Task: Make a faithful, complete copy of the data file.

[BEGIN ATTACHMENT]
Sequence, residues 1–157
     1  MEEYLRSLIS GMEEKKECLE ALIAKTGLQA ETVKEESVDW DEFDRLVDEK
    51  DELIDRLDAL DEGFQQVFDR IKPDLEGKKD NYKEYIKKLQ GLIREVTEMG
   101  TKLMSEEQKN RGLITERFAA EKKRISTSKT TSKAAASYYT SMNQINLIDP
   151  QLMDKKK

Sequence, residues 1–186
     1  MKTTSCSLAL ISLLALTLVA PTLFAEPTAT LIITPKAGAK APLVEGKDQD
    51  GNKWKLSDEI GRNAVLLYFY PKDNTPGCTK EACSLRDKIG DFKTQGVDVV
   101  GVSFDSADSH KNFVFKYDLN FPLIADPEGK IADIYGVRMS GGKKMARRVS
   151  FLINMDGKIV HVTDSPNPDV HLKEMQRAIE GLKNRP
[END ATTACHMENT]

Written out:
Sequence, residues 1–157
     1  MEEYLRSLIS GMEEKKECLE ALIAKTGLQA ETVKEESVDW DEFDRLVDEK
    51  DELIDRLDAL DEGFQQVFDR IKPDLEGKKD NYKEYIKKLQ GLIREVTEMG
   101  TKLMSEEQKN RGLITERFAA EKKRISTSKT TSKAAASYYT SMNQINLIDP
   151  QLMDKKK

Sequence, residues 1–186
     1  MKTTSCSLAL ISLLALTLVA PTLFAEPTAT LIITPKAGAK APLVEGKDQD
    51  GNKWKLSDEI GRNAVLLYFY PKDNTPGCTK EACSLRDKIG DFKTQGVDVV
   101  GVSFDSADSH KNFVFKYDLN FPLIADPEGK IADIYGVRMS GGKKMARRVS
   151  FLINMDGKIV HVTDSPNPDV HLKEMQRAIE GLKNRP